Sneak Peek: CMPD Academy’s Driving Instruction


She knew she wanted to be a police officer, but where she’d spend her career was a question for Officer Melissa Cicio. She started researching how departments were training their recruits, eventually choosing to become a Charlotte-Mecklenburg Police Department officer. CMPD’s full-time paid training meant she could focus on learning the mental and physical components that would propel her career. 

Today, as CMPD Academy’s lead driving instructor, Officer Cicio provides the kind of high-quality training to recruits that initially led her to Charlotte. 

On-Site Driving Courses & Hands-On Training

With 26 acres of Academy grounds dedicated to the driving course, Officer Cicio and her team of instructors have enough room to create multiple courses or combine the track into one large progression for instruction, including pursuit training. Elevated platforms allow cadets to view and learn throughout the process. In the state of North Carolina, only the CMPD Academy and North Carolina Highway Patrol Training Academy have dedicated driving courses. 

Officer Cicio remembers the excitement she felt as a cadet beginning driving courses but as an instructor, she knows preparing recruits for this aspect of the job is a high-stakes endeavor. 


Real-World Pursuit Scenarios 

“We only do a couple of types of calls for service that are inherently more dangerous than driving,” Officer Cicio says. “There’s a real liability in turning on your lights in traffic and requesting the right-of-way from citizens, not knowing how they're going to respond.”

With this in mind, Academy instructors work to recreate real-world scenarios as closely as possible for recruits. By collaborating with the department’s dispatchers, Officer Cicio and her team build training scenarios that mirror what CMPD’s finest respond to each day, from kidnappings to armed robberies and carjackings. Dispatchers themselves participate, feeding details like suspect descriptions and scene updates, rather than cadets working with role-playing instructors.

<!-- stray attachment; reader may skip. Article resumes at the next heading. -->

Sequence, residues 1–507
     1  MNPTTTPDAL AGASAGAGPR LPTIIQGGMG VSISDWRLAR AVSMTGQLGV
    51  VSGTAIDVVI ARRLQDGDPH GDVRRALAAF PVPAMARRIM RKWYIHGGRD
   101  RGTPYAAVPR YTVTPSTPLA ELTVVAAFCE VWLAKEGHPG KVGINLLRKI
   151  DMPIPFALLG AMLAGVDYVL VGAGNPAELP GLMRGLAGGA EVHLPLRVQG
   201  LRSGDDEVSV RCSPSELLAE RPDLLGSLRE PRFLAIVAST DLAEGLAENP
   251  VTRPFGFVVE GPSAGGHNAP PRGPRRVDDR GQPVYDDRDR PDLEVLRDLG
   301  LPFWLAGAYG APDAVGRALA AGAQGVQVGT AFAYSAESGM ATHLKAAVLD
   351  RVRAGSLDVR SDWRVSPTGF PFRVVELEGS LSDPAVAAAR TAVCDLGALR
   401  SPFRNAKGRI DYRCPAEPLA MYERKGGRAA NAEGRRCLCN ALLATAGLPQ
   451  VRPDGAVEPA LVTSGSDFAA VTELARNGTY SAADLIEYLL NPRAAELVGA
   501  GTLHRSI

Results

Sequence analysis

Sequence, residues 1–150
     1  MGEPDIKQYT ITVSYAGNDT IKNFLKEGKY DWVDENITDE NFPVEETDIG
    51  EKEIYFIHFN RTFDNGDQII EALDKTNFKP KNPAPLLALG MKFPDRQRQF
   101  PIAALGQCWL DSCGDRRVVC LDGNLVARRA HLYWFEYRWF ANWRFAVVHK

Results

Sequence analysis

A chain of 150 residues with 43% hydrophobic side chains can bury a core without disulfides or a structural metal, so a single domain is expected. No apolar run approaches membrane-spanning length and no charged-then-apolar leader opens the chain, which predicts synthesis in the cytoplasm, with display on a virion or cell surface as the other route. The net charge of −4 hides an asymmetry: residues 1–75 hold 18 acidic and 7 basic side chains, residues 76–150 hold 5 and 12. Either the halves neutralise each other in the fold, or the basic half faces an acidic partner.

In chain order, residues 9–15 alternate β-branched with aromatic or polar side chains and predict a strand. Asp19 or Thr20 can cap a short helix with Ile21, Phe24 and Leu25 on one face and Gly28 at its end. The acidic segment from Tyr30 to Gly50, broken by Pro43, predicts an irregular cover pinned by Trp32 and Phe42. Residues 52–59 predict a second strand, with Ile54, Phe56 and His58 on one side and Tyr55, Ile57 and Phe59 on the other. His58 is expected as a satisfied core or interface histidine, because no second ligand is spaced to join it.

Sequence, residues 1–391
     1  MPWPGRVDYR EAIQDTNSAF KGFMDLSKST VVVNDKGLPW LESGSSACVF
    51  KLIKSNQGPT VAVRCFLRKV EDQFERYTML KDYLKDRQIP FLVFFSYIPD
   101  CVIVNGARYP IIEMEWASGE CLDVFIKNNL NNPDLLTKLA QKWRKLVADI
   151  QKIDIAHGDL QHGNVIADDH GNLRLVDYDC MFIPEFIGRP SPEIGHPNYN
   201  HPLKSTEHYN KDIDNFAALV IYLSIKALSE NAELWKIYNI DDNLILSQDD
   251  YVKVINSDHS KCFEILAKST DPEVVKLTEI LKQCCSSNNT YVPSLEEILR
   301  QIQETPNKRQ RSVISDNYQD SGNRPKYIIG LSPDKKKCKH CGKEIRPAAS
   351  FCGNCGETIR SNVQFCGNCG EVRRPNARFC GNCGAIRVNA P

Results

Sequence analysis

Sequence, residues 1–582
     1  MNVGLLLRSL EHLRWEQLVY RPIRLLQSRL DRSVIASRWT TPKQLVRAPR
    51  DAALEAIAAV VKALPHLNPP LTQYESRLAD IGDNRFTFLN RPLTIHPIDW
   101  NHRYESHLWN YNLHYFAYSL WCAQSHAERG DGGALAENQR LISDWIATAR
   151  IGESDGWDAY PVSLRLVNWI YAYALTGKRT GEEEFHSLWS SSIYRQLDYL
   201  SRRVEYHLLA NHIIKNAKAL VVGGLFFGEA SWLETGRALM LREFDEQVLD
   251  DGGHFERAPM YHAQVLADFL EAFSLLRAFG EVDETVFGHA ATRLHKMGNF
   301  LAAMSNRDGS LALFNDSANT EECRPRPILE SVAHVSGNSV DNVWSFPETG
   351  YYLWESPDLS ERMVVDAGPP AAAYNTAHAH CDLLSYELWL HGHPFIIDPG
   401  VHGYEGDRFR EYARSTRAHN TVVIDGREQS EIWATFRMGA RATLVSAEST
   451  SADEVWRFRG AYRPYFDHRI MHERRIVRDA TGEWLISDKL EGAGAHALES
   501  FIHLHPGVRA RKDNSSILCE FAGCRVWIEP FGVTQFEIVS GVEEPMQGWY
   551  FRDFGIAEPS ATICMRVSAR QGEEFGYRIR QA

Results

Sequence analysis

“I want you to drive toward the limits of your ability so you know what that feels like in this safe environment,” Cicio says. “When they go out on the street and have a fellow officer calling for help, I don't want them to get that adrenaline dump for the first time out there by themselves when it counts. So we really push them.”

“Not Your Grandma’s Cadillac”

At CMPD Academy, recruits put in the 40 state-mandated hours for driving instruction, plus additional training like these pursuit drills, challenging them to apply classroom learning and policy to real-world scenarios. 

“We're preparing them to respond to violent crimes, preparing them mentally to understand, ‘I can't allow my adrenaline to override my common sense and my knowledge of policy,’” Officer Cicio says.

What often strikes recruits as most difficult about driving instruction is the need to multitask. Not only are they driving at high rates of speed but doing so in traffic, while scanning for a suspect and communicating on their radios. 

“They have never driven their own car like this, so I tell them, ‘Look, don't baby the car, it's not your grandma's Cadillac, you're not going to church on Sunday,’” Officer Cicio says. “They’re being asked to drive hard and they can see how their driving has improved every time they get on the course. They've learned something or picked it up while listening to one of their peers being instructed and get to immediately apply it and see dividends in higher scores or faster times.”

CMPD Academy driving instructors pride themselves on training the officers they know will go out onto the streets to protect their city and the citizens of Charlotte. Officer Cicio doesn’t hesitate in calling the Academy’s training and quality of officers second to none. Begin your own career journey at the Academy when you apply to join an upcoming recruit class.


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